Patrick Robinson, coauthor of the #1 New York Times bestseller Lone Survivor shares the gripping untold story of Mohammed Gulab, the Pashtun warrior who defied the Taliban and saved the life of American hero and Navy SEAL Marcus Luttrell. Bestselling author Patrick Robinson helped Marcus Luttrell bring his harrowing story of survival in Lone Survivor : the eyewitness account of Operation Redwing and the lost heroes of SEAL Team 10 to the page and the big screen. But the Afghani man who saved his life was always shrouded in mystery. Now, with The Lion of Sabray, Robinson reveals the amazing backstory of Mohammed Gulab--the brave man who forever changed the course of life for his Afghan family, his village, and himself when he discovered Luttrell badly injured and barely conscious on a mountainside in the Hindu Kush just hours after the firefight that killed the rest of Luttrell's team. Operating under the 2,000-year-old principles of Pashtunwali--the tribal honor code that guided his life--Gulab refused to turn Luttrell over to the Taliban forces that were hunting him, believing it was his obligation to protect and care for the American soldier. Because Gulab was a celebrated Mujahedeen field commander and machine-gunner who beat back the Soviets as a teenager, the Taliban were wary enough that they didn't simply storm the village and take Luttrell, which gave Gulab time to orchestrate his rescue.
Every woman is composed of many selves-archetypal players of the psyche who contribute their voices to her greater "I." This Is Woman's Work introduces us to our council of inner women, delving into the secret wisdom and gifts of the Willing Woman, the Rebel, the Shapeshifter, the Warrior, and more. Combining writing exercises with fresh and dynamic insights, Dominique helps us make an intimate connection with each inner woman-known and unknown, loved and feared-so we may integrate their voices, realize their wisdom, and open ourselves to our full expression and power.
Leah Remini has never been the type to hold her tongue. That willingness to speak her mind, stand her ground, and rattle the occasional cage has enabled this tough-talking girl from Brooklyn to forge an enduring and successful career in Hollywood. But being a troublemaker has come at a cost. That was never more evident than in 2013, when Remini loudly and publicly broke with the Church of Scientology. Now, in this frank memoir, the former King of Queens star opens up about that experience, revealing the details of her painful split with the church and its controversial practices. Indoctrinated into the church as a child while living with her mother and sister in New York, Remini eventually moved to Los Angeles, where her dreams of becoming an actress and advancing Scientology's causes grew increasingly intertwined. She found the success she'd worked so hard for, and with it a prominent place in the hierarchy of celebrity Scientologists alongside people such as Tom Cruise, Scientology's most high-profile adherent. But when she began to raise questions about some of the church's actions, she found herself a target. In the end, she was declared by the church to be a threat to their organization and therefore a "Suppressive Person," and all of her fellow parishioners -- including members of her own family -- were told to disconnect from her. Forever.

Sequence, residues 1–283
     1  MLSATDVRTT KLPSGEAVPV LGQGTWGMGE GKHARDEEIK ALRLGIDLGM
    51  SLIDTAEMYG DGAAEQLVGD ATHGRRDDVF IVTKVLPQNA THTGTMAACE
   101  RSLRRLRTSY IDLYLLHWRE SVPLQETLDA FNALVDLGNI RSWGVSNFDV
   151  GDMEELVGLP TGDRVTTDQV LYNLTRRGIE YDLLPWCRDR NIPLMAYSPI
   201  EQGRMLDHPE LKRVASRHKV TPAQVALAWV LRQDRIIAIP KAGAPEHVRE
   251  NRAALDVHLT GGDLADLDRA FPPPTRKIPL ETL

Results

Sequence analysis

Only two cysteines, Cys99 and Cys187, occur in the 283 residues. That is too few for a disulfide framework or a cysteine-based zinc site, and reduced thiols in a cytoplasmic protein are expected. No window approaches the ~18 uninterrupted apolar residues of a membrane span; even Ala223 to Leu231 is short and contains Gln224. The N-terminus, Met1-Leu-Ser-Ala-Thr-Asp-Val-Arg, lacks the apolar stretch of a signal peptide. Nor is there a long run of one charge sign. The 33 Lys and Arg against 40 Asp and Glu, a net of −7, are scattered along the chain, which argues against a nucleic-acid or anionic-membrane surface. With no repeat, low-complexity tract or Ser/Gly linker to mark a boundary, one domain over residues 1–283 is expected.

Michael Strahan spent his childhood on a military base in Europe, where community meant everything, and life, though idyllic, was different. For one, when people referenced football they meant soccer. So when Michael's father suggested he work toward a college scholarship by playing football in Texas, where tens of thousands of people show up for a weekend game, the odds were long. Yet he did, indeed, land a scholarship and from there a draft into the NFL where he scaled the league's heights, broke records, and helped his team win the Super Bowl, as a result of which he was inducted into the Hall of Fame. How? By developing "Strahan's Rules" -- a mix of mental discipline, positive thinking, and a sense of play. He also used the Rules to forge a successful post pro-ball career as cohost with Kelly Ripa on Live! -- a position for which he was considered the longshot -- and much more. In Wake Up Happy, Michael shares personal stories about how he gets and stays motivated and how readers can do the same in their quest to attain their life goals.